Dharaṇīdhara (धरणीधर) refers to “upholding the earth”, according to the Gaganagañjaparipṛcchā: the eighth chapter of the Mahāsaṃnipāta (a collection of Mahāyāna Buddhist Sūtras).—Accordingly, as Bodhisattva Gaganagañja explains to Bodhisattva Ratnaśrī what kind of concentration should be purified: “[...] (31) [when the Bodhisattvas attain] the concentration called ‘Like a thunderbolt’, they will understand all dharmas; (32) [when the Bodhisattvas attain] the concentration called ‘Being endowed with good conduct’, they will know the entrance into the thoughts and deeds of all living beings; (33) [when the Bodhisattvas attain] concentration called ‘Upholding the earth’ (dharaṇīdhara-samādhi), there will be no greed or hatred; [...]”.
Mahayana (महायान, mahāyāna) is a major branch of Buddhism focusing on the path of a Bodhisattva (spiritual aspirants/ enlightened beings). Extant literature is vast and primarely composed in the Sanskrit language. There are many sūtras of which some of the earliest are the various Prajñāpāramitā sūtras.
General definition (in Jainism)Source: archive.org: Een Kritische Studie Van Svayambhūdeva’s Paümacariu
Dharaṇīdhara (धरणीधर) participated in the war between Rāma and Rāvaṇa, on the side of the latter, as mentioned in Svayambhūdeva’s Paumacariu (Padmacarita, Paumacariya or Rāmāyaṇapurāṇa) chapter 57ff. Svayambhū or Svayambhūdeva (8th or 9th century) was a Jain householder who probably lived in Karnataka. His work recounts the popular Rāma story as known from the older work Rāmāyaṇa (written by Vālmīki). Various chapters [mentioning Dharaṇīdhara] are dedicated to the humongous battle whose armies (known as akṣauhiṇīs) consisted of millions of soldiers, horses and elephants, etc.Source: archive.org: The Jaina Iconography
Dharaṇīdhara (धरणीधर) is another name for Dharaṇendra, the Yakṣa accompanying Pārśvanātha: the twenty-third of twenty-four Tīrthaṃkaras or Jinas, commonly depicted in Jaina iconography.—Pārśvanātha is one of the greatest Tīrthaṃkaras or Prophets of Jainism. [...] From all sources, we gather his emblem or cognizance is a snake. In sculpture, snake seems to be everything with him. Not only do we find snake in the usual place of the symbol, we find, snakes canopy him with three or seven or eleven hoods. His Yakṣa is called Pārśva or Vāmana or Dharaṇendra and Yakṣiṇī is called Padmāvatī. The king, who stands by his side as a Chowri-bearer is known as Ajitarāja. The Devadāru (Deodar) or Dhātaki is his Kevala-tree.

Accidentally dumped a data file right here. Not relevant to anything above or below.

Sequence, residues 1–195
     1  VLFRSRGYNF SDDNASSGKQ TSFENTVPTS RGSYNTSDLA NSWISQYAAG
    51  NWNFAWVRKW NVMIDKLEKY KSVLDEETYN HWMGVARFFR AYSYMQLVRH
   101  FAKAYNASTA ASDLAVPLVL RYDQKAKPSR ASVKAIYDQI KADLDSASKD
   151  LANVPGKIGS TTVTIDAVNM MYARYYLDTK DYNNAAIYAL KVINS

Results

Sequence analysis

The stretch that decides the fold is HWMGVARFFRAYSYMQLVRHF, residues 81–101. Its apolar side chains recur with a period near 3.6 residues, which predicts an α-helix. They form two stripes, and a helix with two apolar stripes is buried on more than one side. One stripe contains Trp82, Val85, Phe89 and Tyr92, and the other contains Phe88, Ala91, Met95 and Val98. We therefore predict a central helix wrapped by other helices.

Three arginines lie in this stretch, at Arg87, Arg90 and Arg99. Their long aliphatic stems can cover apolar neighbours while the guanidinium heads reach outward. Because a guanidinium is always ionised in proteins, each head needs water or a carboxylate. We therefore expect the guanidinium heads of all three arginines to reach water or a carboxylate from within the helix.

Jainism is an Indian religion of Dharma whose doctrine revolves around harmlessness (ahimsa) towards every living being. The two major branches (Digambara and Svetambara) of Jainism stimulate self-control (or, shramana, ‘self-reliance’) and spiritual development through a path of peace for the soul to progess to the ultimate goal.
Languages of India and abroad
Sanskrit dictionarySource: DDSA: The practical Sanskrit-English dictionary
Dharaṇidhara (धरणिधर) or Dharaṇīdhara (धरणीधर).—
1) an epithet of Śeṣa.
2) of Viṣṇu.
3) a mountain, सर्वतो मामविध्यन्त सरथं धरणीधरैः (sarvato māmavidhyanta sarathaṃ dharaṇīdharaiḥ) Mahābhārata (Bombay) 3.172.9; hence °सुता (sutā) = Pārvatī; अन्यं तेनैव तुल्यं धरणिधरसुता प्रार्थयामास पत्यौ (anyaṃ tenaiva tulyaṃ dharaṇidharasutā prārthayāmāsa patyau) Sūkti.5.96.
4) a tortoise.
5) a king.
6) an elephant fabled to support the earth.
Derivable forms: dharaṇidharaḥ (धरणिधरः), dharaṇīdharaḥ (धरणीधरः).
Dharaṇidhara is a Sanskrit compound consisting of the terms dharaṇi and dhara (धर).Source: Cologne Digital Sanskrit Dictionaries: Shabda-Sagara Sanskrit-English Dictionary
(-raḥ) A name of Vishnu. E. dharaṇi the earth and dhara who sustains; also dharaṇīdhara, dharaṇīṃ dharati dhṛ-ac .
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(-raḥ) 1. Vishnu. 2. A mountain. 3. A tortoise see dharaṇidhara.Source: Cologne Digital Sanskrit Dictionaries: Benfey Sanskrit-English Dictionary
Dharaṇīdhara (धरणीधर).—I. adj. holding the earth, Mahābhārata 13, 6159. Ii. m. 1. a mountain, [Rāmāyaṇa] 6, 16, 4. 2. a king, [Rājataraṅgiṇī] 3, 63.
Dharaṇīdhara is a Sanskrit compound consisting of the terms dharaṇī and dhara (धर).Source: Cologne Digital Sanskrit Dictionaries: Cappeller Sanskrit-English Dictionary
Dharaṇidhara (धरणिधर).—[adjective] holding or supporting the earth; [masculine] a mountain, [Epithet] of Viṣṇu-Kṛṣṇa.
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Dharaṇīdhara (धरणीधर).—[adjective] & [masculine] = dharaṇidhara.Source: Cologne Digital Sanskrit Dictionaries: Aufrecht Catalogus Catalogorum